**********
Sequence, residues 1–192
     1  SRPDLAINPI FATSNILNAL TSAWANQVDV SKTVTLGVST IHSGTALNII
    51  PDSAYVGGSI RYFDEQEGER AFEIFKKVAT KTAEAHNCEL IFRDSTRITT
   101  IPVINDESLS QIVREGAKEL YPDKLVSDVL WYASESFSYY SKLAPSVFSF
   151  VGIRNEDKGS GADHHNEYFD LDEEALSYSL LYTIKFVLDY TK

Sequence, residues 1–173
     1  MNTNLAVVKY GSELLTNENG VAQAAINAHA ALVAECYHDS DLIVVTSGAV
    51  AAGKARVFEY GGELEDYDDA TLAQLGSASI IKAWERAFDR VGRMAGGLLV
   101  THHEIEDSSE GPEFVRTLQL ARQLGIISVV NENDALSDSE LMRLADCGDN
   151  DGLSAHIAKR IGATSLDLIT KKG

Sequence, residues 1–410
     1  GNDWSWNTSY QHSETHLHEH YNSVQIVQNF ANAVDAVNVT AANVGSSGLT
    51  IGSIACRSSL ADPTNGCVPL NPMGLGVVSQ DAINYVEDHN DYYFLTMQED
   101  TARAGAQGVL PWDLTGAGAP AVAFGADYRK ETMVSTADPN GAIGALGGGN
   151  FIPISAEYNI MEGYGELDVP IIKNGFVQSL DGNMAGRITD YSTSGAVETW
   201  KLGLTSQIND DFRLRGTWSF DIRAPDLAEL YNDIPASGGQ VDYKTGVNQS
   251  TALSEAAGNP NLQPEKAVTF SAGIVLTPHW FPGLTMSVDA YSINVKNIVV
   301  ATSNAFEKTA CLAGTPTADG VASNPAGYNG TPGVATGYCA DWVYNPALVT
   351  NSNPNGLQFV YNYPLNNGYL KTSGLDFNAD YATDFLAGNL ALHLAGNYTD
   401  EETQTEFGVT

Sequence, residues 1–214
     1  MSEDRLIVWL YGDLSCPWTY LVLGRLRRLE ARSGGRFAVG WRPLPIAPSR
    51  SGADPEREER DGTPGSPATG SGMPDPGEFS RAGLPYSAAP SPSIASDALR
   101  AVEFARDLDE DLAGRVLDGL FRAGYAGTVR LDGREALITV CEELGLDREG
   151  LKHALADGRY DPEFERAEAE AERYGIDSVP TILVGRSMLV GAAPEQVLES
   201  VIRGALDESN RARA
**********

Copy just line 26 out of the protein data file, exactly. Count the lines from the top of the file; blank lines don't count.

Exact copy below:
   201  VIRGALDESN RARA